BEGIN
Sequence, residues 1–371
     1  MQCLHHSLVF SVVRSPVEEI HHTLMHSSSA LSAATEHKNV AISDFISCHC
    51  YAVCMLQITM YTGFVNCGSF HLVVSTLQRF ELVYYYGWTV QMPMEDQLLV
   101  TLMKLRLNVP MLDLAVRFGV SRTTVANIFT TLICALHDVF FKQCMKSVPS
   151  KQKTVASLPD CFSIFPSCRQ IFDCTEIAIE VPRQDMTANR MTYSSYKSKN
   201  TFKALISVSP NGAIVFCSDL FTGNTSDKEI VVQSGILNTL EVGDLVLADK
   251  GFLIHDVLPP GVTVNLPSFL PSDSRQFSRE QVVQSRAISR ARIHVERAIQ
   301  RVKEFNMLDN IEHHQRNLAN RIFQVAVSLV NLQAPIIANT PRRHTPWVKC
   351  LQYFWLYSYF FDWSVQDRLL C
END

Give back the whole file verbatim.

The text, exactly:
Sequence, residues 1–371
     1  MQCLHHSLVF SVVRSPVEEI HHTLMHSSSA LSAATEHKNV AISDFISCHC
    51  YAVCMLQITM YTGFVNCGSF HLVVSTLQRF ELVYYYGWTV QMPMEDQLLV
   101  TLMKLRLNVP MLDLAVRFGV SRTTVANIFT TLICALHDVF FKQCMKSVPS
   151  KQKTVASLPD CFSIFPSCRQ IFDCTEIAIE VPRQDMTANR MTYSSYKSKN
   201  TFKALISVSP NGAIVFCSDL FTGNTSDKEI VVQSGILNTL EVGDLVLADK
   251  GFLIHDVLPP GVTVNLPSFL PSDSRQFSRE QVVQSRAISR ARIHVERAIQ
   301  RVKEFNMLDN IEHHQRNLAN RIFQVAVSLV NLQAPIIANT PRRHTPWVKC
   351  LQYFWLYSYF FDWSVQDRLL C